The grant, jointly funded by the U.S. Departments of Transportation and Housing and Urban Development, targets the agenda's "priority development corridor," an area reaching from John C. Calhoun Expressway downtown to the former Regency Mall.
Though the money can't be used to cover the cost of drafting the agenda, for which Augusta paid Boston-based Shields Design LLC nearly $500,000, it will go toward paying designated entities to implement the plan's goals.
The grant's local match includes $750,000 from local-option sales tax funds and more than $400,000 in in-kind services provided by Augusta-Richmond County Planning Commission and Augusta Tomorrow Inc., according to grant submission documents prepared on the city's behalf by development-consulting firm Melaver-McIntosh.
The bulk of the grant will go toward creating a detailed land-use plan for transit-oriented neighborhoods bordering the corridor, and for reconfiguring its central roads to make them more pedestrian, bicycle, bus and car friendly, said Augusta Planning Director Paul DeCamp, who helped author the grant submission.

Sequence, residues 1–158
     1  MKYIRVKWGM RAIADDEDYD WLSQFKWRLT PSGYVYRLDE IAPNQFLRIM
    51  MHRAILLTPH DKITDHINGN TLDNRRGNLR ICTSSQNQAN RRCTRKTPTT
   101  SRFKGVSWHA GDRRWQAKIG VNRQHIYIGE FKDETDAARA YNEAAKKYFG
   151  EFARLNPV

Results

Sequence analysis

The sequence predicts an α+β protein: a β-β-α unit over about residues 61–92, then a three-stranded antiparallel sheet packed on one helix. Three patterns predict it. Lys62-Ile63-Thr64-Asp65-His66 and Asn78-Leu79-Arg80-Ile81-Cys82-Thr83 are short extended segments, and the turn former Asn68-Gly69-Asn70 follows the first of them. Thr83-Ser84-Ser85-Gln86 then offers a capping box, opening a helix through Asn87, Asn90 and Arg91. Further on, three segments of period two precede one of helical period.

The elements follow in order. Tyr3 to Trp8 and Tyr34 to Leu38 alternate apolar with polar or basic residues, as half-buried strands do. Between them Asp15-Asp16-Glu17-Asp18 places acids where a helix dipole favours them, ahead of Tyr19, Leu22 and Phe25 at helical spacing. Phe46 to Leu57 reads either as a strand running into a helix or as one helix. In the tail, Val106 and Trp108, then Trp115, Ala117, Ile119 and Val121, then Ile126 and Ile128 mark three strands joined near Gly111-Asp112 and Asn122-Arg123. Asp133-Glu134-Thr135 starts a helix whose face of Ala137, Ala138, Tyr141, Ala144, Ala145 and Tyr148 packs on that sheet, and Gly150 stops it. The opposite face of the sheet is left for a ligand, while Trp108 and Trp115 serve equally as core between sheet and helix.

The corridor, which traces 15th Street, Martin Luther King Jr. Boulevard and Deans Bridge Road, is one of Augusta's most centrally located areas, and one of its poorest.
Money also will go toward revising city building codes, development standards and zoning, and subdivision regulations to facilitate the agenda's mixed-use development pattern, DeCamp said. It will also help implement a plan for a land bank to buy properties for redevelopment into green, affordable housing.
The office of Augusta Administrator Fred Russell will administer the grant award.
"We spent half a million on the master plan. It's on the street less than a week and we've got $1.8 million for implementation," said Russell, who announced Tuesday a projected $9.4 million general fund deficit for the coming fiscal year. The grant "doesn't fill holes, but lets us move forward with the plan," Russell said.
Augusta Mayor Deke Copenhaver said he was impressed the city was awarded the funds.
"Competing against cities across the nation, being one of only two cities in Georgia to get funding is a very good thing and speaks to our innovative, sustainable development going on in the city," he said.